Symbolia has (I think?!) over 1,000 frames of non-repeating animation. How do I know this? Simple. I'm [or I was] Rastan - one of the main poor shmucks that watched endless hours of MTV for sequences with dancers dancing in front of plain backgrounds.
Some of the animations (that I remember) are - Crystal Waters spoof video (can't remember the name) Loriel hair advert Queen video East 17 - it's alright (can't remember if this made it to the end version).
In the end, I set up a sheet in the garage with a spotlight shining behind it, and got my sister to dance for me... She's the one that does the big highkick, and also does this sort of turn with her hand on her head. We used Vidi12 to do the digitising (we being Cobra and I). Cobra then converted them to 2 colours using DPaint, and saved them off as IFFs... I then had the dubious pleasure of loading each frame, and converting them to 'vectors' by hand, using a dodgy, kludgy bit of software Cobra had written (this is his description of the program, by the way - not mine!). This would turn each picture from (say) 5KB into 20 bytes or so. I'd then go back to Cobra's the next week with the converted frames, and more stuff to digitize. (He lived about an hour away.)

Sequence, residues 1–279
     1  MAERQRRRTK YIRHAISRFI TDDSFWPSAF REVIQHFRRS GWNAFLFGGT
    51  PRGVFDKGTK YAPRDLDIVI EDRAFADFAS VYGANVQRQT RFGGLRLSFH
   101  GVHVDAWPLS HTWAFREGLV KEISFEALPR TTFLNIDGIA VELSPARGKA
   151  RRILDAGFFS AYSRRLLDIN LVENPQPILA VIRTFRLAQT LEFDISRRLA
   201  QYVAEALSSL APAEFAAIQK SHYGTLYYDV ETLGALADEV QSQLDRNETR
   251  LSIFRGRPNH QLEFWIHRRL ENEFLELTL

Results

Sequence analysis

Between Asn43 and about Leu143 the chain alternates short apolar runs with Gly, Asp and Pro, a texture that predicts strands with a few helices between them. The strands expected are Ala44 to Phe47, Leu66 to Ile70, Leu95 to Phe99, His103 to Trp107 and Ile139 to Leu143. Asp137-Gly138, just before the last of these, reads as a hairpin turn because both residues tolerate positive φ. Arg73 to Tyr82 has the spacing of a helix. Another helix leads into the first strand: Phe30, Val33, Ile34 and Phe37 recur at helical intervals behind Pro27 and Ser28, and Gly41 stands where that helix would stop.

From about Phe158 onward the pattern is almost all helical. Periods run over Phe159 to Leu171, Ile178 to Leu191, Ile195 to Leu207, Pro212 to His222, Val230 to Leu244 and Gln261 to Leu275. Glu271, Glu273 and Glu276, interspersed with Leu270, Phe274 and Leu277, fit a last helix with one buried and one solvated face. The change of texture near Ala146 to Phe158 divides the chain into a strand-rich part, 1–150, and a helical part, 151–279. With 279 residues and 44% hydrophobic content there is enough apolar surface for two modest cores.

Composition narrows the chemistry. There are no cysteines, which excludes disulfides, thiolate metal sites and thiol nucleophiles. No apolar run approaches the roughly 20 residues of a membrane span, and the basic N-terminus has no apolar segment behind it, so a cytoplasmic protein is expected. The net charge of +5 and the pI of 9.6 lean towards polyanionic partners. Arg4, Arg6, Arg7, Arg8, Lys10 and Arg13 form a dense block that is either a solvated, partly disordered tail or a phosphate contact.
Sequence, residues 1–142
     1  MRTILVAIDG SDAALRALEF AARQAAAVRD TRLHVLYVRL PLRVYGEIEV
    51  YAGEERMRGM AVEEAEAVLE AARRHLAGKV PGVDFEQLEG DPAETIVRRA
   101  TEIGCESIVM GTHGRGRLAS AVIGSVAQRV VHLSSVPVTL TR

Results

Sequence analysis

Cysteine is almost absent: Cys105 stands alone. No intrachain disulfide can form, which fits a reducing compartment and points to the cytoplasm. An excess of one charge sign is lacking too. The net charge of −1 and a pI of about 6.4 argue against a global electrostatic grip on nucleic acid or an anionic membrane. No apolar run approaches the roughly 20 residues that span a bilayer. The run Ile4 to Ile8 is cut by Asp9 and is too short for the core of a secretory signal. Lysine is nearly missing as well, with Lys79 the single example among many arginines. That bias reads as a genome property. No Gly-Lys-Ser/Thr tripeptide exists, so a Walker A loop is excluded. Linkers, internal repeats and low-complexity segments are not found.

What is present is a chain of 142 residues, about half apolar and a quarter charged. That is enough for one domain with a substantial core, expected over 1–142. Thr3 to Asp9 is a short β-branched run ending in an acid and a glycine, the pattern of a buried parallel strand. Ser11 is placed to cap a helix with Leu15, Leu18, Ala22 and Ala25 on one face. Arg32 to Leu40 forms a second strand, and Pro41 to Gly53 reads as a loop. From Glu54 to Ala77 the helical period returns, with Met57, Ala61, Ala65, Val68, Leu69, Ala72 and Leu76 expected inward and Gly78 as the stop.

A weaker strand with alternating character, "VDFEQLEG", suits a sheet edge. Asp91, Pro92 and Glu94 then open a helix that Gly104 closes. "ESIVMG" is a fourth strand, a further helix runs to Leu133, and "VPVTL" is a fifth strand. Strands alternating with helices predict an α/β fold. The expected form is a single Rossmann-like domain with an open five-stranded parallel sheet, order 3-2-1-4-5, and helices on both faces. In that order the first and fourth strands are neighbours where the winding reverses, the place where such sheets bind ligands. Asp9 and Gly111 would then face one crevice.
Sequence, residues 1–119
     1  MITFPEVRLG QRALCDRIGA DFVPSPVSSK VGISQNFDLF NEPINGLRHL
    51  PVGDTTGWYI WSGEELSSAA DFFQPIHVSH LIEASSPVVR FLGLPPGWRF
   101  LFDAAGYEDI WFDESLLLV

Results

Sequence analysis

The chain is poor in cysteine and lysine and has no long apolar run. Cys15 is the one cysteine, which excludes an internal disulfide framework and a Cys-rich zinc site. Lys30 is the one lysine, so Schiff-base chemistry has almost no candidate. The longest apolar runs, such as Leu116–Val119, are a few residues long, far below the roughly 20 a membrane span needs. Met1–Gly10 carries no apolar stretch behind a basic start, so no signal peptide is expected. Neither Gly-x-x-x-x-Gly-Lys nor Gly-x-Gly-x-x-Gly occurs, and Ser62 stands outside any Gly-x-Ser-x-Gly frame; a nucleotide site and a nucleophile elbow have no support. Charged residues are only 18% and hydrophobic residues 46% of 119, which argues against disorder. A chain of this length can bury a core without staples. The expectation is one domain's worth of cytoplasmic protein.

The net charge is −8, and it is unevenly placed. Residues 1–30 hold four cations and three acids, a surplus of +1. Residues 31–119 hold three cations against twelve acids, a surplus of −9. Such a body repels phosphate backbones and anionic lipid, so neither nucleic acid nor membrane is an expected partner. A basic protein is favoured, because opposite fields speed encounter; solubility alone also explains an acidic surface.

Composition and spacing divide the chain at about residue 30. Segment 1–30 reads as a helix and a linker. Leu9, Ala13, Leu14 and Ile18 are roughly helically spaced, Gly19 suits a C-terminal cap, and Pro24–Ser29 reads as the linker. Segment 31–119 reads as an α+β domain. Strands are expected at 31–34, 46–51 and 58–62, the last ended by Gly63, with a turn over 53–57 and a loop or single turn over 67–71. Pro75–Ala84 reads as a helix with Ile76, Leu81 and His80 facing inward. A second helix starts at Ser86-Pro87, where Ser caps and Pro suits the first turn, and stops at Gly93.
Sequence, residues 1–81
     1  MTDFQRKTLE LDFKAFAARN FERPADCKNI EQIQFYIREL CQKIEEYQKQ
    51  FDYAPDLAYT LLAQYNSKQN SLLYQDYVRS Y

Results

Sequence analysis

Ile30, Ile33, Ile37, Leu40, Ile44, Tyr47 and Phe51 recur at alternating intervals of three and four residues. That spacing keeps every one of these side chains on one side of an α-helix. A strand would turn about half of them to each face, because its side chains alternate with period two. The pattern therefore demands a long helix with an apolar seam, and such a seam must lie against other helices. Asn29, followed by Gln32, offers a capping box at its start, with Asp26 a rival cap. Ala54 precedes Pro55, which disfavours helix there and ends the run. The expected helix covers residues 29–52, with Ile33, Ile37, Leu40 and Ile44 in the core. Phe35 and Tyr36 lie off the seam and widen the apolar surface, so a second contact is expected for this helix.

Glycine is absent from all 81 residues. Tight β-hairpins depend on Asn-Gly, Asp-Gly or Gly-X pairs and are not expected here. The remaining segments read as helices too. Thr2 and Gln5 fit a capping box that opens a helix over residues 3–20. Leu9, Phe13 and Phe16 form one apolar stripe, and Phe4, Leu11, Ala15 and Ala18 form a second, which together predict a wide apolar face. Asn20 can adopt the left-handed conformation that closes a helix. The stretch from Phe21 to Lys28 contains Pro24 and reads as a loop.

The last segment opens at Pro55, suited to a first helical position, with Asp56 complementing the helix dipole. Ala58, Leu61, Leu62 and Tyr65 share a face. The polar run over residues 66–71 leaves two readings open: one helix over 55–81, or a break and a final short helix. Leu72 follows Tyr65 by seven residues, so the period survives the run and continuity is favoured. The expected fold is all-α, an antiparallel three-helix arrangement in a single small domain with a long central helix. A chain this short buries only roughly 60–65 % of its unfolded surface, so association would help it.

My God, I just realised that was 3 years ago... More, in fact!
I recall we tried to get it working on a plain A1200, but just couldn't get the Chip memory to move the graphics smoothly enough, so had to settle on it needing at least 2MB FAST. I haven't seen, or heard from any of the Access crew for over 2 years now... Last I heard, Cobra had sold his Amiga for a PC (BOO!!!), making me lose my chance of getting hold of a demo he did that made the Miggy look like it was loading a speccy game - it had the music from Trantor in it... Just in case you ever come across it. :-)"
[about Symbolia] "It was never released for any party or anything like that - we just released it, as we were never a coding group (only really had Cobra although there WERE other coders, but they mainly did utils & intros]). The music in it wasn't the one we were going to use, it was originally this strange one with "AIM FIRE" getting used a lot. However, we just couldn't get it to play properly on the demo, as it was saved in some strange non-Protracker format. However, I think that I prefer the one we did use.